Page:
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Bancroft, Hubert Howe (05 May 1832–02 March 1918), businessman and historian, was born in Granville, Ohio, the son of Azariah Ashley Bancroft, a farmer, and Lucy Howe, a teacher. His formal education stopped short of college, and at age sixteen Bancroft left home to learn the book trade from his brother-in-law in Buffalo, New York. Sent to California with a valuable consignment of books, Bancroft opened his own bookstore in San Francisco in December 1856, with capital supplied by his sister and credit from several New York firms. Efficiently run, and favored by a margin between California gold and depreciated eastern currency during the Civil War, Bancroft’s store proved phenomenally profitable. Within a decade, H. H. Bancroft & Co. supported extensive European travel for its proprietor and permitted him the luxury of semiretirement at age thirty-seven. In 1869–1870 he built a five-story building for his business, which expanded to include stationery, office supplies, printing, and bookbinding. He turned over the day-to-day operations to his younger brother, Albert, while he moved into the fifth floor and devoted himself to the study of history....

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Deinard, Ephraim (11 May 1846–24 June 1930), Hebrew author, bibliographer, and bookdealer, was born in Shossmaken, Courland, Russia, the son of Jekuthiel Gerson Deinard and Leah Cohen. In addition to attending traditional schools of Jewish learning, he also studied secular subjects with private tutors. By age eighteen he was contributing articles on current issues to the Hebrew weekly ...

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Drake, Samuel Gardner (11 October 1798–14 June 1875), bookseller and historian, was born in Pittsfield, New Hampshire, the son of Simeon Drake and Love Muchmore Tucke, farmers. Drake was a slender and delicate child who loved the woods near his home more than he did the local school. In 1816 he joined his older brother John Drake and worked as an underclerk for his uncle Samuel J. Tucke, an importer of paints and oils, in Boston. Following a six-month stay in Baltimore on business for his uncle, Drake returned to New Hampshire and taught in a school in Loudon, New Hampshire. This was followed by a schoolteaching stint in New Jersey (1819–1820), a study of medicine in Pittsfield, New Hampshire, and then a return to teaching (1820–1823). Although he did not “find himself” in these endeavors, Drake brought the purposefulness that he had developed to what would become the great passions of his life: collecting antiquarian materials and bookselling....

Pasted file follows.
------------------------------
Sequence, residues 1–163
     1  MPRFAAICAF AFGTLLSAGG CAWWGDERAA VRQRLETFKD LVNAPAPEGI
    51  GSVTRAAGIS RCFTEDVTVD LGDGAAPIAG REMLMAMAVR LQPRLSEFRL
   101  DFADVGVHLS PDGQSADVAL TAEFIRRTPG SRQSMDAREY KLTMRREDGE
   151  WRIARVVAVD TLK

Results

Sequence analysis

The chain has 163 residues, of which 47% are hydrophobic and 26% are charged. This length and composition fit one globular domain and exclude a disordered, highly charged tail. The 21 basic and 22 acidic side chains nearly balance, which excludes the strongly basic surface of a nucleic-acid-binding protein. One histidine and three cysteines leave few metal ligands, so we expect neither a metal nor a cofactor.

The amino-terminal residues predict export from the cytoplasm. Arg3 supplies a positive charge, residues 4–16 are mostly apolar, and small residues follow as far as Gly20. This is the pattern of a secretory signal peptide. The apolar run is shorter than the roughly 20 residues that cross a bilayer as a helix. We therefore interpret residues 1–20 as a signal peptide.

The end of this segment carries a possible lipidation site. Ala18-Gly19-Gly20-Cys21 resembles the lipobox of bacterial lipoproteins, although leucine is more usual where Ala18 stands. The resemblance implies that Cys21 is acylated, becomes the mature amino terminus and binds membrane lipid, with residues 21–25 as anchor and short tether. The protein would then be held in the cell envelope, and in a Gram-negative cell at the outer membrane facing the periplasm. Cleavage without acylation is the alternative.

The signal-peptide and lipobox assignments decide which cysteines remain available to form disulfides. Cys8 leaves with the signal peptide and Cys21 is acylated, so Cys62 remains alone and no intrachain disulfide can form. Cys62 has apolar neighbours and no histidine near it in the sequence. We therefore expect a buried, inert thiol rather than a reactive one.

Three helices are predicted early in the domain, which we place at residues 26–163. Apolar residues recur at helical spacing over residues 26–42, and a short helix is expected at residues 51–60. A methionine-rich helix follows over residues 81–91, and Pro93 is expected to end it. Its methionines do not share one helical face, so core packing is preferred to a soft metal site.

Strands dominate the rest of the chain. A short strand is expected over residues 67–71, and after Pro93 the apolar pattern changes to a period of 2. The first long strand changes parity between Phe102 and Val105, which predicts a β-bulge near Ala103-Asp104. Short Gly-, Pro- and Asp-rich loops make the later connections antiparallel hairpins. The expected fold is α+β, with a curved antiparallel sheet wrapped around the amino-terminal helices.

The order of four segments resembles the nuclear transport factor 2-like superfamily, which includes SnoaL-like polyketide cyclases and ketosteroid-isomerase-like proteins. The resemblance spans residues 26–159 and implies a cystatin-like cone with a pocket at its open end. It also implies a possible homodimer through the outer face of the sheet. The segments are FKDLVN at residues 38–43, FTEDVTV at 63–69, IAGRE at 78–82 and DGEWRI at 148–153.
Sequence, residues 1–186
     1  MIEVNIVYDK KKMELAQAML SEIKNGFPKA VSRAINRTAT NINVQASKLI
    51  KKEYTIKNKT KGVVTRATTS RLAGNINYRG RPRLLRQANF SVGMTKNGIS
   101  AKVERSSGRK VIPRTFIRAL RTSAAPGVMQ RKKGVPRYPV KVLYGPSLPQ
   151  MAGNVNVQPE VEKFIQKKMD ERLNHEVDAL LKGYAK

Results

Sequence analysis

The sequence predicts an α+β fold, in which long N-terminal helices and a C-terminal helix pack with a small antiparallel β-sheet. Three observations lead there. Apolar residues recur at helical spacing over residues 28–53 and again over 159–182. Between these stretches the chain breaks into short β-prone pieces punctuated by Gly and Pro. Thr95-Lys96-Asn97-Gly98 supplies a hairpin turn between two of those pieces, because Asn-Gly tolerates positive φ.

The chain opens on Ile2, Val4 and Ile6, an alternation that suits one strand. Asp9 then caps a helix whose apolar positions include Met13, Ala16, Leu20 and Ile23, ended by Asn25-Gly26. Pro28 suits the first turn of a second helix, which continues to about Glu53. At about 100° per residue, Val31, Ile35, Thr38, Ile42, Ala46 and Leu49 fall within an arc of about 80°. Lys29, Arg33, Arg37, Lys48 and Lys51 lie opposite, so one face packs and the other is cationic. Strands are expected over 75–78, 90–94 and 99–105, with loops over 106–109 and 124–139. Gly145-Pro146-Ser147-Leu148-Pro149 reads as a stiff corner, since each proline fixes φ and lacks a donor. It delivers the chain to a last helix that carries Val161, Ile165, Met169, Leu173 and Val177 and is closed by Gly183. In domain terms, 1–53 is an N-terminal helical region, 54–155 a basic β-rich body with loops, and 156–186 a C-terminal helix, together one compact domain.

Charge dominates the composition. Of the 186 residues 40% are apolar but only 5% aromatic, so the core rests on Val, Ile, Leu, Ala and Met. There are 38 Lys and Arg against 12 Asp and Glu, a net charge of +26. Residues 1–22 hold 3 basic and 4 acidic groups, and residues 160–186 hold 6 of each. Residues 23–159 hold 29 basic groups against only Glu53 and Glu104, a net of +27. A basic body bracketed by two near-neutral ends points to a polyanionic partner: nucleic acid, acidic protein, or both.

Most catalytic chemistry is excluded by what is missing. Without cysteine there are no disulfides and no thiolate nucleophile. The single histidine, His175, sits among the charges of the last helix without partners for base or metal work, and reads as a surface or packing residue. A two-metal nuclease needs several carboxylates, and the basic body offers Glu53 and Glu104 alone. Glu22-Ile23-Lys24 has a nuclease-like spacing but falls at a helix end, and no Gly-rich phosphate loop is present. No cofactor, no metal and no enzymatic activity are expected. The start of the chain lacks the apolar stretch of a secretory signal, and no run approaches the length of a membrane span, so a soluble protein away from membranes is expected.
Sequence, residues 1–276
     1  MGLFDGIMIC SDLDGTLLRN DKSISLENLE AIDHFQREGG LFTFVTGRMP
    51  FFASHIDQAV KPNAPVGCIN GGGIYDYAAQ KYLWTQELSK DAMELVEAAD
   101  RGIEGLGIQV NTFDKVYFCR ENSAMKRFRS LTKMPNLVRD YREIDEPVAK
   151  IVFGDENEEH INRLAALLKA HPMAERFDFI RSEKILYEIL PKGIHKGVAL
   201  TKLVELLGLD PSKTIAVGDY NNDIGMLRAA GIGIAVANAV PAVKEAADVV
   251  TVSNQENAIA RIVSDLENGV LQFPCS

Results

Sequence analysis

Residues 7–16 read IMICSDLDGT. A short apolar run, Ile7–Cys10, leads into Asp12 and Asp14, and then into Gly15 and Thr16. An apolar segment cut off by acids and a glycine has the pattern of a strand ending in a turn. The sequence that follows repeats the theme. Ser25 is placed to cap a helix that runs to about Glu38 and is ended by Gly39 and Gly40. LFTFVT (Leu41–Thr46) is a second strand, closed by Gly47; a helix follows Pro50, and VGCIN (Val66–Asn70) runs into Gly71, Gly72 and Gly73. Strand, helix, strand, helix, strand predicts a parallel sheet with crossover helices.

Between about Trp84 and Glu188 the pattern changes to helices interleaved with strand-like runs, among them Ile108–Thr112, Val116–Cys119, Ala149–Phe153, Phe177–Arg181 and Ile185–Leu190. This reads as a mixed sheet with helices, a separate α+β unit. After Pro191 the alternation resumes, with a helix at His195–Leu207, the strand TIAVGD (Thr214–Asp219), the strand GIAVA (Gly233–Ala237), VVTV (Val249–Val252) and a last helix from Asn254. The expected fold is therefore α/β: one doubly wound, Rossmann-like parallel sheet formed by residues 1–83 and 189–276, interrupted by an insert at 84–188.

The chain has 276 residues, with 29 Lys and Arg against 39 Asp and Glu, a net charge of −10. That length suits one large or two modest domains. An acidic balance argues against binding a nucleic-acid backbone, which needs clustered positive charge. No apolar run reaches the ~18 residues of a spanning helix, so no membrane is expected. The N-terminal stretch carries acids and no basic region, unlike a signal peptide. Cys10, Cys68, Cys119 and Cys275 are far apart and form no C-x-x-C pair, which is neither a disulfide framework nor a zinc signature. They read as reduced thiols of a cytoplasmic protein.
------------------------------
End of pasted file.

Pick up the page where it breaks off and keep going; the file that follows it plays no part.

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Rich, Obadiah (1783–20 January 1850), diplomat and book dealer, was born in Truro, Massachusetts, the son of Obadiah Rich, a ship captain, and Salome Lombard. About 1789 his family moved to the Boston area, where Rich resided until 1816. Although the details of Rich’s schooling are not known, an acquaintance described him as “a gentleman by birth and education” and “really learned” (Henry Harrisse, ...

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Rosenbach, Abraham Simon Wolf (22 July 1876–01 July 1952), antiquarian bookseller, was born in Philadelphia, Pennsylvania, the son of Morris Rosenbach, a soft-goods merchant, and Isabella Polock. As a child, A. S. W. Rosenbach, the youngest of seven children, spent many hours in the bookshop of his uncle Moses Polock, a well-known antiquarian bookseller. There he learned to love old books and manuscripts and absorbed much about history and literature. He was the only one of his family to attend college, receiving his Ph.D. in English literature in 1901 from the University of Pennsylvania....

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Sabin, Joseph (06 December 1821–05 June 1881), bibliographer and bookseller, was born in Braunston, Northamptonshire, near Oxford, England, the son of Joseph Sabin and Mary Shirley. He studied in the common schools in Oxford but did not attend a university. At age fourteen he was apprenticed to Oxford book dealer Charles Richards, who taught him bookbinding but transferred him to sales when his bibliophilic interests began to emerge. Thus immersed in books and prints, Sabin grew to be effective with customers and was promoted to general manager, a position that allowed him to buy books. His increasing responsibilities included the preparation of library sale catalogs, which drew him into the art of bibliographic description. In 1842 he left Richards to form a partnership as a bookseller and auctioneer with a man named Winterborne, whose father was an architect and builder in Oxford and whose sister, Mary Ann, Sabin married in 1844. They had two children....